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Home In The Jungle
by U.S. Army Sgt. Tyvel Clement
January 2, 2021

Throughout life, many things may get passed down from generation to generation. For some people, it's land or property; for others, it may be in the form of valuable belongings.

However, U.S. Army Sgt. 1st Class Steven Mason's connection to nature was passed down to him. Growing up in Georgia's deep woods, Mason looked up to his father, who taught him how to hunt and fish, which Mason's father, Con Mason, had learned from his father.

U.S. Army Sgt. 1st Class Steven Mason, a senior instructor at the 25th Infantry Division’s Lightning Academy at Schofield Barracks, Hawaii, instructing during Jungle Operators Training Course on December 31, 2020. (U.S. Army photo by Sgt. Tyvel Clement)
U.S. Army Sgt. 1st Class Steven Mason, a senior instructor at the 25th Infantry Division’s Lightning Academy at Schofield Barracks, Hawaii, instructing during Jungle Operators Training Course on December 31, 2020. (U.S. Army photo by Sgt. Tyvel Clement)

"I grew up with my dad hunting and fishing in the woods, so Steven was right there with me when he was little," said Con.

Hunting, fishing, camping, and spending days in nature are often hobbies, but for Mason it turned into something much more than that. It became his lifestyle. Despite Mason's enjoyment in playing sports, hanging out with friends, and skating, nothing compared to what he felt from his connection to nature. Among his two other siblings, Mason was the only one who compared nature and everything about it to a beautiful Picasso-like masterpiece.

"As a kid whose brain was always moving fast due to ADHD, nature was always something I knew I could look forward to as a relaxing mechanism," said Mason. “Every time I went out into the woods, it was beautiful – inescapable – like a piece of art that I couldn’t pull my eyes away from.”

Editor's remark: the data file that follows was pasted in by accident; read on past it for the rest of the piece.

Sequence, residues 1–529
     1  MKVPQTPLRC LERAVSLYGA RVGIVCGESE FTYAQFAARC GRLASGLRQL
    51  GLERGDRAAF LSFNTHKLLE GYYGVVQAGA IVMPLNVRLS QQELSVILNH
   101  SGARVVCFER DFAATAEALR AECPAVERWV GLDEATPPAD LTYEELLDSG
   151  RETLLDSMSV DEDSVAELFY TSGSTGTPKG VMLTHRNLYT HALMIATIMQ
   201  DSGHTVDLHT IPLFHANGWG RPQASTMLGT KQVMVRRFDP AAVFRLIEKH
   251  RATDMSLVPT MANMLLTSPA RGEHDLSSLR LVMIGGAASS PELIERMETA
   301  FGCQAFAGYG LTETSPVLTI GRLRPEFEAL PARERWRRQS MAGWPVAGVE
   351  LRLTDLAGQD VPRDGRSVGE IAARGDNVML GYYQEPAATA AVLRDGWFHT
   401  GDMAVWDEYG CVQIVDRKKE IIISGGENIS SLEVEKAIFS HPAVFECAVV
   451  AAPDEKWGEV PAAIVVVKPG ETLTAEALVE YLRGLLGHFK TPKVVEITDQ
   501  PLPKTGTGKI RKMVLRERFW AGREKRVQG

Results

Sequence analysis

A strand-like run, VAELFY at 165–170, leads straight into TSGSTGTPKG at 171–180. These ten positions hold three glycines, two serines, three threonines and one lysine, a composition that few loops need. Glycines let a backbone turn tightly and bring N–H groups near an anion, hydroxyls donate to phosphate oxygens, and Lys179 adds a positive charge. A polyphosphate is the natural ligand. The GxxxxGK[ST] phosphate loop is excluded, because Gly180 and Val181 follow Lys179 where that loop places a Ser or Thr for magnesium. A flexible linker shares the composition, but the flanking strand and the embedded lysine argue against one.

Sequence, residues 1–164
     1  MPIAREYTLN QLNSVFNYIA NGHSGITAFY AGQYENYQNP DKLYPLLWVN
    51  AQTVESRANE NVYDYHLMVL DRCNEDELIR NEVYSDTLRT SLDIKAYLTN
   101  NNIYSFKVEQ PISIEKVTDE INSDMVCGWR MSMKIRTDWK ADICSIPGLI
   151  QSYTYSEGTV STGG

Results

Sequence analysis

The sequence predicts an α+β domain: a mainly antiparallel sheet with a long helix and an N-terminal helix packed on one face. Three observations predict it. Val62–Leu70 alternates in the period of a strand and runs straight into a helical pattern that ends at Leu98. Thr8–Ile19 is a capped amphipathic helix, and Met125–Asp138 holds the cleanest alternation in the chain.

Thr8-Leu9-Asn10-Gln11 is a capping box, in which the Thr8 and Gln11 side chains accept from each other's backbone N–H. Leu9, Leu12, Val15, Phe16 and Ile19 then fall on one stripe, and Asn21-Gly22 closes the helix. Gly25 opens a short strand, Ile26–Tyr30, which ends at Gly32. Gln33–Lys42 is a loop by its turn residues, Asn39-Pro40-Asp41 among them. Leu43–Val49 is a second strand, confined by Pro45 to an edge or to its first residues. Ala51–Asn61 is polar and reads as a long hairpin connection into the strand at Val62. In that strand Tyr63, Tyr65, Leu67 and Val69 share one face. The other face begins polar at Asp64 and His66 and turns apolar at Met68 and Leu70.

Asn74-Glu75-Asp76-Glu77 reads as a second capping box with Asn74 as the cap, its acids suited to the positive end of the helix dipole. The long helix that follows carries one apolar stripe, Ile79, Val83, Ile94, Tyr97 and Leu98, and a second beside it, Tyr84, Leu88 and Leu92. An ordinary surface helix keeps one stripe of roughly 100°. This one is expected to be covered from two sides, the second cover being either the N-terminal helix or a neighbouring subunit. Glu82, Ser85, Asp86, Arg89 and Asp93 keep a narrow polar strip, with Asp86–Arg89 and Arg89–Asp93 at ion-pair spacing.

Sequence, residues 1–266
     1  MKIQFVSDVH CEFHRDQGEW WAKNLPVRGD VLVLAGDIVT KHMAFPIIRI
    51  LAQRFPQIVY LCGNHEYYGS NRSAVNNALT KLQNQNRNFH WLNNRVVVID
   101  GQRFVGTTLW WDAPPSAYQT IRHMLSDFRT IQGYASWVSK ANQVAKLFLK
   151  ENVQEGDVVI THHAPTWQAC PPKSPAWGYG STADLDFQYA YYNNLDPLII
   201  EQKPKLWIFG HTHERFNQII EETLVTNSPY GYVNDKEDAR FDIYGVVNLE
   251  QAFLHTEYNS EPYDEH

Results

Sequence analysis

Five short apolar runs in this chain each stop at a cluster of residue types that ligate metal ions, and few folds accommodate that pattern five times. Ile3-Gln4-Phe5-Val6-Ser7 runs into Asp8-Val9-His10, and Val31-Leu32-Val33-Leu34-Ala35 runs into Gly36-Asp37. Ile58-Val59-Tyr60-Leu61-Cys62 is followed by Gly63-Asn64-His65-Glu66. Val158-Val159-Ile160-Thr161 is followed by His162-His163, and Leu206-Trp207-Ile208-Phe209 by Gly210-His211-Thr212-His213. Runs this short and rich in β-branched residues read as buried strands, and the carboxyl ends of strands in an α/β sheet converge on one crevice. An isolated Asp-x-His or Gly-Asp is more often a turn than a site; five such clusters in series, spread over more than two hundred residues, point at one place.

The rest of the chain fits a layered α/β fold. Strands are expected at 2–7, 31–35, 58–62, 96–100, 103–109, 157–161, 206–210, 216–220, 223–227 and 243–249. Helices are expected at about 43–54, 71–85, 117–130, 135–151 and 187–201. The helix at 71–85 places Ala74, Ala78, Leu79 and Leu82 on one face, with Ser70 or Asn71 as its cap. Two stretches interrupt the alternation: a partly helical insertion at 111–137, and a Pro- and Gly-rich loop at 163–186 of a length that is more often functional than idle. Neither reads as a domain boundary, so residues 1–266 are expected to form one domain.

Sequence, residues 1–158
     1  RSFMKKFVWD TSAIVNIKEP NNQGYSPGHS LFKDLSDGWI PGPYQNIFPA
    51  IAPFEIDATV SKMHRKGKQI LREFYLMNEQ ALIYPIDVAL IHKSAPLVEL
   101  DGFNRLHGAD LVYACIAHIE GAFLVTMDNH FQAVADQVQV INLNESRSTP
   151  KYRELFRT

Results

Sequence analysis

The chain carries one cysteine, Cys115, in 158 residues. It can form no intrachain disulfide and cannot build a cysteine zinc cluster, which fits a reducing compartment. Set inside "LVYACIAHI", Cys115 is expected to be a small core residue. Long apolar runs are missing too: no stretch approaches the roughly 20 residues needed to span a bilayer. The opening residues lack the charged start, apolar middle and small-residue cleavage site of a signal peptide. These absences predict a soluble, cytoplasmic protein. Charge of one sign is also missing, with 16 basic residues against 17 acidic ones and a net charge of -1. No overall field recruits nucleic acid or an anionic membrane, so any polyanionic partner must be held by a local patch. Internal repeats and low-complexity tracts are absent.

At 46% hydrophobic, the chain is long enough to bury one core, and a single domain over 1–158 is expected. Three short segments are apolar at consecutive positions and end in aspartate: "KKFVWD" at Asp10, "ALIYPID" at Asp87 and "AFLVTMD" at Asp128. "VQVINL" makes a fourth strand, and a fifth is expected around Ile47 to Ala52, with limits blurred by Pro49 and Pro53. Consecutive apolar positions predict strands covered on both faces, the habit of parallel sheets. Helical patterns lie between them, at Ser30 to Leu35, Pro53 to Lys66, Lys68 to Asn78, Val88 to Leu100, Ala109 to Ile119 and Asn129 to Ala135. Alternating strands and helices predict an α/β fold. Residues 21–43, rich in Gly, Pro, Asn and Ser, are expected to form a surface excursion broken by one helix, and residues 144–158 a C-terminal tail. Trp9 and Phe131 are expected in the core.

As Mason grew older, he realized he wanted to do something different but not just anything; he wanted to do something that would impact people. So, at the age of 17, Mason enlisted in the United States Army as an 11C, an Indirect Fire Infantryman, where he would later attend One-Station Unit Training at Fort Benning, Georgia.

Throughout his career, he has attended multiple professional development schools, deployed to several areas of Iraq in support of Operation Iraqi Freedom, and served as a drill sergeant. It wasn’t until Mason was assigned to the 25th Infantry Division that his outdoorsman lifestyle and the Army would intersect.

Shortly after arriving at the 25th Infantry Division, Mason was determined to continue challenging himself. When the Lightning Academy started looking for Soldiers to volunteer to be instructors for the Jungle Operators Training Course (JOTC), he immediately acted on this “once in a lifetime” opportunity. When the time came, Mason exultantly volunteered to become a jungle instructor.

"This was a chance for me to reconnect with nature while teaching Soldiers survival tactics at the same time,” explained Mason. “It was like the perfect recipe.”